Okay, so the title is tongue-in-cheek. I never learned how to communicate about feelings as a child. I recently learned that my siblings' code word for Father was "Baron". I was pretty much scared to approach him about anything. If I needed something, I'd cajole Mother into asking him. I certainly didn't have open conversations of any kind with him. While I was confident in Mother's love for me, maybe there just wasn't time for sharing for her, with all the responsibilities of a household. Or maybe it was something else.
Religion taught me that feelings are secondary to controlled impulses, that one should do what is right, whether it feels good or not. I still believe that. I believe that I should control my emotions, and edit them if necessary. I believe that I should mercilessly cull inappropriate feelings. Does this put me in control of myself, or does it simply serve to detach me from my true self? I can walk around all day thinking about how I feel about something without any threat. I can reason with myself about it, consider the facts, change my mind if I want.
I still remember the first time jc wheedled me into admitting that I loved him. It was certainly premature, maybe even on the phone before we'd actually met. Love takes many forms; and the love I confessed then, that barely formed feeling that I wanted to talk to him every day, share everything with him, knowing that he shone a bright spot on my busy life, is worlds different from the way I feel about him today. It was the seed of a tree that is still growing. I admitted it hesitantly, and it exposed a part of me that left me vulnerable. That exposed part of me has grown over the years. In a few weeks it will be 8 years. But jc has never made me sorry that I opened that spot to him. He's given me his own insecurity too, but that's another post, and one that will almost certainly never appear here.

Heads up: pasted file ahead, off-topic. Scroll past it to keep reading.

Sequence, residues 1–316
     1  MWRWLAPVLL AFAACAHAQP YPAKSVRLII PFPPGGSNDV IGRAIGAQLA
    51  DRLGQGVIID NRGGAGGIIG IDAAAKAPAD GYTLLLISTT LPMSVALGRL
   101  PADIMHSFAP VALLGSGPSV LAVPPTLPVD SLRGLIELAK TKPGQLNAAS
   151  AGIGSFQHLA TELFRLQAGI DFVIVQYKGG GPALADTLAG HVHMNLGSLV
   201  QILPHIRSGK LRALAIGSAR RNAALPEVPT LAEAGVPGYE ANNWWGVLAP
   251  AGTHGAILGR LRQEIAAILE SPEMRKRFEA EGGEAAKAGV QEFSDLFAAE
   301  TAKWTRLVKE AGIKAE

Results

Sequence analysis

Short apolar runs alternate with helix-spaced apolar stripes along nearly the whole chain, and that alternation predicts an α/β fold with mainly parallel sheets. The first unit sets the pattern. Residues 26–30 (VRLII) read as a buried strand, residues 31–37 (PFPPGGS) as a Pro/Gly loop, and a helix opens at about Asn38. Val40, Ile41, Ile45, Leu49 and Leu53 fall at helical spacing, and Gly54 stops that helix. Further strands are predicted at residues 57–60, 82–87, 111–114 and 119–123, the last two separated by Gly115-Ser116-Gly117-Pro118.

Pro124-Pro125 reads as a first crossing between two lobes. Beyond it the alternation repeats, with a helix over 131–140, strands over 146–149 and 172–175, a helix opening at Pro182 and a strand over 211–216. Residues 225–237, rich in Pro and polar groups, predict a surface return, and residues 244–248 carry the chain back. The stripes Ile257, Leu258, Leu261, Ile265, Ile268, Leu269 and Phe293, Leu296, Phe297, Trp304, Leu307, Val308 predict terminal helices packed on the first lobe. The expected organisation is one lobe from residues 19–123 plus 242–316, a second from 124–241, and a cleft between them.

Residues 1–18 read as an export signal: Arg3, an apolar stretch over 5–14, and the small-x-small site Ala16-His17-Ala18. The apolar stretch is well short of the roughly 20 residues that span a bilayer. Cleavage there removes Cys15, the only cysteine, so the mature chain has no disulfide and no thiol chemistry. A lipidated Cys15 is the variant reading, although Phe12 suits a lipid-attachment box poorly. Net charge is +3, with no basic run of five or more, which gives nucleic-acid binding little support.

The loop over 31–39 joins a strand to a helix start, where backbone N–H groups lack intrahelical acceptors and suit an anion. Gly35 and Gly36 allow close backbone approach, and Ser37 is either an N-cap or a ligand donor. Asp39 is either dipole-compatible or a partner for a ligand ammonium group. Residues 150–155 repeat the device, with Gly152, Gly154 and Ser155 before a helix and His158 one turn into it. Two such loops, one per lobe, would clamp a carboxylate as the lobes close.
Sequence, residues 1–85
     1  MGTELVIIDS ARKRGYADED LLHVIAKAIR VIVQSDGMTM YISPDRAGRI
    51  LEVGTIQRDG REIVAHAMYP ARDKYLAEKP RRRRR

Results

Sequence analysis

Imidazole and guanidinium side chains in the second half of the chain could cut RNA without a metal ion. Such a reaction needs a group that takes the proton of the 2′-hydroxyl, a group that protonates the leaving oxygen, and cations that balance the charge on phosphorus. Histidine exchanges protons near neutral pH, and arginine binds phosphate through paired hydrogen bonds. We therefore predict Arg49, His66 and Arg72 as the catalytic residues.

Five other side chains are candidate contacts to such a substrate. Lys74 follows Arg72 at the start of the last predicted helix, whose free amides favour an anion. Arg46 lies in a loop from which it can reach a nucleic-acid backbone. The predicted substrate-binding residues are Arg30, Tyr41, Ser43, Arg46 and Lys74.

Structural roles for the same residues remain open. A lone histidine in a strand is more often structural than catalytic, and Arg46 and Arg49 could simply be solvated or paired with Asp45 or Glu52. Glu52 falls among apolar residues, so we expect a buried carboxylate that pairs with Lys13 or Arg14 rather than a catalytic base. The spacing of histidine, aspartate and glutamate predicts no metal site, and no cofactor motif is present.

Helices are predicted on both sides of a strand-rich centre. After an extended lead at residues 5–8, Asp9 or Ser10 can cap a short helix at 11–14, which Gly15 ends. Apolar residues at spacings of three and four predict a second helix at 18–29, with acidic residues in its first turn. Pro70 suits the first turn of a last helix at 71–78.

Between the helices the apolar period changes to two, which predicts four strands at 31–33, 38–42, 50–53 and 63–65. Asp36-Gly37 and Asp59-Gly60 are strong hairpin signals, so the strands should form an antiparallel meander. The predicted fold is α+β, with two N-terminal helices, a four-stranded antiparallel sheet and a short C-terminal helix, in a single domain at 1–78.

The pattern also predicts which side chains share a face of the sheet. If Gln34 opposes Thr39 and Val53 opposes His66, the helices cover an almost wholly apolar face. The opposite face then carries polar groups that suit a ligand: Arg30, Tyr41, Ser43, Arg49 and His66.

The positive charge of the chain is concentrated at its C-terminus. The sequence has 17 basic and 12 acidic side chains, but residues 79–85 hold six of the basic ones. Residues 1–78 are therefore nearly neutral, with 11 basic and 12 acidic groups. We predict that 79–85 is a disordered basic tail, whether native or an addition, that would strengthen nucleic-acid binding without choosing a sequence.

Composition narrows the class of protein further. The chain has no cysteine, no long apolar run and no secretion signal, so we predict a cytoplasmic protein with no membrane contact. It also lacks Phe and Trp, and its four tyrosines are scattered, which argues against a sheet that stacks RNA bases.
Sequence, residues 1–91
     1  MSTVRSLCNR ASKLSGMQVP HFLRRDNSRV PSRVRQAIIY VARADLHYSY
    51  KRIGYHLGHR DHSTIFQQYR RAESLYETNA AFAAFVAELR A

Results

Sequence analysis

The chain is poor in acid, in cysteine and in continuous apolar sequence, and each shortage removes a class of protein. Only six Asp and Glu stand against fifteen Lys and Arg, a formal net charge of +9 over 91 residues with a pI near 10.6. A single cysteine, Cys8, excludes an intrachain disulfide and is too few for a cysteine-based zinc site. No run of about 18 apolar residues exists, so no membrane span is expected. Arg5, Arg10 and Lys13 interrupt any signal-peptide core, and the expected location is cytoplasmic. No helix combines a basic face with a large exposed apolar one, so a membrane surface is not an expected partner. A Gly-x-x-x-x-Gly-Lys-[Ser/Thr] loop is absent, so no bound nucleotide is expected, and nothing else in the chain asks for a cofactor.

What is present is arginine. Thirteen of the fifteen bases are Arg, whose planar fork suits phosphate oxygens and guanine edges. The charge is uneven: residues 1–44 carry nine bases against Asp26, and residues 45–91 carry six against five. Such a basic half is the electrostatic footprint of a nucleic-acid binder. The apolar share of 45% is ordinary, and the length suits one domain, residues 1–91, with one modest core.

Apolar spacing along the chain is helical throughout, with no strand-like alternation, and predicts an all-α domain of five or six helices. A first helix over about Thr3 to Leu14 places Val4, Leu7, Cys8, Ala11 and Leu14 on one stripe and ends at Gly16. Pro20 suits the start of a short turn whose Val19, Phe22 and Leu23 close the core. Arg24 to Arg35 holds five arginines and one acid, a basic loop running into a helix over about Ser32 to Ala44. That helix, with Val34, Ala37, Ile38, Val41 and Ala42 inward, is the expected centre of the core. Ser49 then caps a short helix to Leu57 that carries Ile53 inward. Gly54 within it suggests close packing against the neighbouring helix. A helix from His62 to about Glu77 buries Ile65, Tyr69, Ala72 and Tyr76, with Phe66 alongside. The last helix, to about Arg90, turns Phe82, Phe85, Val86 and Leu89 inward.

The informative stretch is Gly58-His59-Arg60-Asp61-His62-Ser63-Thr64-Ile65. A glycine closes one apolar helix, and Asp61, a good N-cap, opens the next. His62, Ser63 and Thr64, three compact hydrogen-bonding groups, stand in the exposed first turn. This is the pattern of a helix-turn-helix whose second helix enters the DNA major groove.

The response to our childish game of, "loves you to deff, baby-baby" is often, "but, why?" There's no good answer to that. Your handsome face, pretty eyes, accepting heart? How nice it feels to hold your hand, to walk arm in arm down the street, to lie together in the afternoon? Presents you buy me, perhaps? That you don't criticize my slovenly housekeeping? Maybe it's still the reason that I actually fell in love with him in the first place, because I trusted him never to hurt me. My answer is often to stroke his lovely face and kiss him softly. I need no reason.
That often-unspoken simplicity of love has kept jc and I from ever needing many conversations about our feelings. There have been some hard times. In some of those times we've lost patience, raised our voices, but we're both careful not to utter words that are impossible to take back later. In the really hard times we've banded together more strongly, done what was needed, and come out on the other side. Certainly those interchanges have forged a love that talking could not do.
But none of that really helps me with anyone else, does it? My therapist is the least threatening person I've ever talked to, but I still can't meet her eyes when there's a really difficult subject to discuss. That's my tell. Avoiding the gaze. Recently I've had to grapple with the difficulty of discussing feelings that are unreasoned, unsummoned, unwelcome even. Feelings that rob me of power and make me vulnerable when revealed. The risk exists of throwing the baby out with the bathwater. It would be too easy to discard the inconvenient feelings completely, with all that is connected to them, but how cowardly. How much better to follow the habit of a lifetime and do a revision.
Is it really like Voldemort?? Never saying the name makes him ever more frightening? Uttering the word is the first step, turning him from an otherwordly, all-powerful demon into a manageable, defeatable entity.
I am not bound by formless, volitionless impulses. I am bound neither to blindly accept their existence, nor to run wildly from the fear they invoke. There is middle ground. There can be first, second, third revisions, ad infinitum. The draft will never be ready for publishing. That's the way life goes when you're living it and not sitting on the sidelines watching.
Dispatch from Portland's March for Our Lives
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